England fall behind Belgium in the Nations League group, but a more pressing concern is whether England are falling behind the major nations in terms of approach.
This was the major question from a mostly drab 0-0 draw with Denmark, of otherwise minor consequence and strange context. It would be nice to win the Nations League, of course, but the nature of the competition – and the curious Covid-19 context of this match – means it is largely rife for experimentation. This, however, is one of the issues.
It doesn’t so much feel like Southgate is experimenting, as trying to work out his best team – and especially his best midfield. He looks no closer to solutions.
There are genuine questions there, not least regarding the cautious mindset of the line-ups, and some of the selections.
The biggest is whether Southgate will put out a team that actually makes this hugely talented squad any way better than the sum of their parts. It is no idle question, either.
Although the starting central duo of Kalvin Phillips and Declan Rice was predictably pedestrian, it might have worked if there was a real playmaker in front of them. Phil Foden was even more conspicuous by his absence in that regard, but Southgate does have other options. He eventually brought two of them on, in Jack Grealish and Mason Mount. That was only after a whole lot of nothing – not least the space between these two key positions.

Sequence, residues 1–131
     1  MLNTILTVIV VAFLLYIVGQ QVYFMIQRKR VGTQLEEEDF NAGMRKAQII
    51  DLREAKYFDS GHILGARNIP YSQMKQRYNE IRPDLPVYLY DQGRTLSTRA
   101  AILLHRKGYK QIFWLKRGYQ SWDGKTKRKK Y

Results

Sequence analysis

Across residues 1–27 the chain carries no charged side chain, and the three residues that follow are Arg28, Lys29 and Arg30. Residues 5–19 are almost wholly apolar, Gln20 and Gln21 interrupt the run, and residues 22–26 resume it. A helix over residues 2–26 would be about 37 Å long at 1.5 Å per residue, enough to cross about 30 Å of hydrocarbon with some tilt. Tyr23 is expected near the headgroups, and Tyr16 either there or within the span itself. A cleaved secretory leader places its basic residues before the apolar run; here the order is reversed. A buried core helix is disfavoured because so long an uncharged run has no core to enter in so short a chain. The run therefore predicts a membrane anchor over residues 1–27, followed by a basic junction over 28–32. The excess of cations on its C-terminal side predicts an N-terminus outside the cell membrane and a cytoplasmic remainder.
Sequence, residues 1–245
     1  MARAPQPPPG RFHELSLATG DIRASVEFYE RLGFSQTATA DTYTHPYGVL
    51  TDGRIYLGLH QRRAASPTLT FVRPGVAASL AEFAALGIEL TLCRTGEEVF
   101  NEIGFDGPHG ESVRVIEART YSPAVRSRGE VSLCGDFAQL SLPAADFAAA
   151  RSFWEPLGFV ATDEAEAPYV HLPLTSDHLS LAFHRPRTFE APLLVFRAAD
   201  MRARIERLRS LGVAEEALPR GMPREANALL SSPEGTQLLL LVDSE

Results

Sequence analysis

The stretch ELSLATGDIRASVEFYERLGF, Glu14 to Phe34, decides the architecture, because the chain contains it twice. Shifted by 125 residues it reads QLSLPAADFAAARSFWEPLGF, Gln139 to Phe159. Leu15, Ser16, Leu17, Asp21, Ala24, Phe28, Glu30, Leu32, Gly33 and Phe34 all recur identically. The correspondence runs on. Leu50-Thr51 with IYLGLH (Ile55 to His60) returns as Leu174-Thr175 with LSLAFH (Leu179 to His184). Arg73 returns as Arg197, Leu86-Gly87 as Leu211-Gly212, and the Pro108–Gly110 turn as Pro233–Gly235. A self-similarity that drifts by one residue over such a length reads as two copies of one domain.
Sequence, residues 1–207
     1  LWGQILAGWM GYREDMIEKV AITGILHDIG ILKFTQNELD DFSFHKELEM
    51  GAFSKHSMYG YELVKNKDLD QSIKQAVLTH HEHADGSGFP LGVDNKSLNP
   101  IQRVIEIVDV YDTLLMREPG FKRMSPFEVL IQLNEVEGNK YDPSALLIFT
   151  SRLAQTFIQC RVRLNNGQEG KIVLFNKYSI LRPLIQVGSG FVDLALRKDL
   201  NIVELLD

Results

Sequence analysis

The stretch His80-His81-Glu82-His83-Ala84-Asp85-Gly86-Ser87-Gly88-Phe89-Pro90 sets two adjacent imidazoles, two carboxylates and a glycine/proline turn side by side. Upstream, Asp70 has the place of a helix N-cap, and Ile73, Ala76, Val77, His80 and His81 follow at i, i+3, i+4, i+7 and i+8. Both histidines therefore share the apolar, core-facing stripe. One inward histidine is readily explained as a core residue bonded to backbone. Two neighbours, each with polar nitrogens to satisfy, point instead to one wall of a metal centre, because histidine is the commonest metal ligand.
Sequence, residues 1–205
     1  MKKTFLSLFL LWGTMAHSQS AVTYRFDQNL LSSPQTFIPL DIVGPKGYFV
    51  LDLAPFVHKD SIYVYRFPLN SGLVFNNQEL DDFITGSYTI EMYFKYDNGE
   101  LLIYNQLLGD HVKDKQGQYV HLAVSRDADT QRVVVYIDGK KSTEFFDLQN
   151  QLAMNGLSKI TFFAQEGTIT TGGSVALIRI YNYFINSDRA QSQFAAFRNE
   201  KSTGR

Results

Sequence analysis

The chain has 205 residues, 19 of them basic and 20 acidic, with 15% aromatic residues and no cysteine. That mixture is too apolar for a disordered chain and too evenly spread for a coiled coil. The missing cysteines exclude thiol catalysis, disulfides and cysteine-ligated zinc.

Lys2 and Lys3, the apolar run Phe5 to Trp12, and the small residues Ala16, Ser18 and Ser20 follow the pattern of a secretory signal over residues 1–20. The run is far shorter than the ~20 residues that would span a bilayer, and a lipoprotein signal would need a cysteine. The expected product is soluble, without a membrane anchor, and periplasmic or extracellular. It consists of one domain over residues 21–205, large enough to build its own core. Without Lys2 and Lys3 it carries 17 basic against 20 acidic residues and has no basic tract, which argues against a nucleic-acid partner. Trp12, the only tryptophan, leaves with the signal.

Kane is said to fancy himself as more of a No 10 than a striker, which made it all the more curious that he spent so much of the game so far forward. That had the effect of pushing Raheem Sterling and Jadon Sancho further wide, to occasionally get in the way of Trent Alexander-Arnold and Kieran Trippier. And those very names raise the side question of why he selected three right-backs but no left-back.
Source: Read Full Article